Even as the days blend together, we are settling into something resembling a routine and trying to make the best of it. With both Michelle and I on a lot of calls, we are letting serendipity and curiosity play a large part in the homeschooling effort. Yup, fancy way of saying we’re locking the girls in their rooms for a couple hours in the morning and afternoon. We make sure they are fed and watered first. I think they’ll be okay in the short-term.
We’re doing our best to follow the school’s suggestions but if they want to go down a three hour rabbit hole about how to make your own Cheetos or M&Ms (thanks Bon Appetit YouTube channel)…who am I to argue? I don’t think a parent should force their child to master anything but I do think it’s their job to help them discover the possibilities in life. After that it’s up to them.
Though if it’s going to involve the trombone, maybe wait for Dad to get off the phone.
Was that Saturday? Time has become a little elastic. We took a break from all academics and work conference calls. Michelle might have snuck a few emails in, I can’t watch her 24/7. We needed it. The last week almost broke all of us. I believe it will get better. Humans are remarkably resilient but no amount of hot glue, glitter, or Netflix was going to help last week. As a person that really likes routines and daily goals, I had to get very comfortable that things were just not going to get done.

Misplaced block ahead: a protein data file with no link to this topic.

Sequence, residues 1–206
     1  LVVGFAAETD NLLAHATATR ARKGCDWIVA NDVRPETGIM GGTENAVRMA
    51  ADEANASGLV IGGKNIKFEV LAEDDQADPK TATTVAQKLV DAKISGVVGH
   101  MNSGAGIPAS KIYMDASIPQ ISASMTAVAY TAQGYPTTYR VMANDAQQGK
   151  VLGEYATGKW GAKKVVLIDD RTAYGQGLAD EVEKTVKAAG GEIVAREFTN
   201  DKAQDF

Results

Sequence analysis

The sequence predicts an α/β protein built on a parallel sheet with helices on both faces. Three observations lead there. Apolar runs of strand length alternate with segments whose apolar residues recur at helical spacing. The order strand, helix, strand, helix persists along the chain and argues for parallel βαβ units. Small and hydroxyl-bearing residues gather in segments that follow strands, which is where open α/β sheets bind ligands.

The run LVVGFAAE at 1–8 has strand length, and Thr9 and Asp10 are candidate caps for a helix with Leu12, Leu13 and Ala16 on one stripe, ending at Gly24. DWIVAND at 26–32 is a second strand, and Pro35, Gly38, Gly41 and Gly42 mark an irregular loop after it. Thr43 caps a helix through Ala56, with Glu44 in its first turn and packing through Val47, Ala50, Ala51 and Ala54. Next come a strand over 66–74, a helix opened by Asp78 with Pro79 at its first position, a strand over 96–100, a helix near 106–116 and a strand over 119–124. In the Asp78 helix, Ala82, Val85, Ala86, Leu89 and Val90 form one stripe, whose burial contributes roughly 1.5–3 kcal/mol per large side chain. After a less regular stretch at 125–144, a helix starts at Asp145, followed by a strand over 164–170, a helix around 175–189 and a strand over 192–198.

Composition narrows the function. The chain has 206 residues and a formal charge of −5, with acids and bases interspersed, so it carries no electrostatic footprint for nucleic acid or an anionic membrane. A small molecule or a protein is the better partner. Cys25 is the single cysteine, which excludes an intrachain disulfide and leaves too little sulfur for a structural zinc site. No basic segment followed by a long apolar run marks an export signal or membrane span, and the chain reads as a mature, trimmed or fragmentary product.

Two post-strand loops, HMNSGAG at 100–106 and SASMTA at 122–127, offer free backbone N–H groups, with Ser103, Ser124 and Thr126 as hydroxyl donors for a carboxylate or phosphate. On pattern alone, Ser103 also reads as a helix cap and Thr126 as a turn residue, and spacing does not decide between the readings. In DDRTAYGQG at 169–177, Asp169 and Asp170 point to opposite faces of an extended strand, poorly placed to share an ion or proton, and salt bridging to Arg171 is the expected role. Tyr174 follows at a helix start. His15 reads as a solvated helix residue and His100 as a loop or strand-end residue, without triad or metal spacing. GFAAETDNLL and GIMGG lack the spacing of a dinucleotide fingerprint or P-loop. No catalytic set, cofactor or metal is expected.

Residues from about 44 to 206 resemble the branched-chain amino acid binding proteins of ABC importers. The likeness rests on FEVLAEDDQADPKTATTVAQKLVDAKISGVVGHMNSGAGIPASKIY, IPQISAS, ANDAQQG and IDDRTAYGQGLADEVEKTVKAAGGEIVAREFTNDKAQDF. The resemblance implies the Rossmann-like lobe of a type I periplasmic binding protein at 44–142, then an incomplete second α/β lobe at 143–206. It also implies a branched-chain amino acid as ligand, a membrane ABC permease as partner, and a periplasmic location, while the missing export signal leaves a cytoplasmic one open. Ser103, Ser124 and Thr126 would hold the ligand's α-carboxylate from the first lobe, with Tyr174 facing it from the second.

I will say I am happy that the girls get to see Michelle up close and personal at work. At this point, they are used to me working from home and I don’t really do much except push pixels around and occasionally raise my voice to developers that stray out of their lane and think they are designers. Michelle is way more important and I think it’s good for them to see her in this other role.
Kids are always watching and we should let them see us work, to show them what it takes to thrive in this world. We should want them to see us on the phone, sleeves pushed up, (virtually) surrounded by people who respect and depend on us. They see us at our private worst, they should also get to see us at our public best.
Just make sure you know how to work the mute button.
Strange and interesting times, huh? That’s how we’re trying to pitch it to the girls after Ally woke up Thursday morning in a panic over not having Purell to take to school.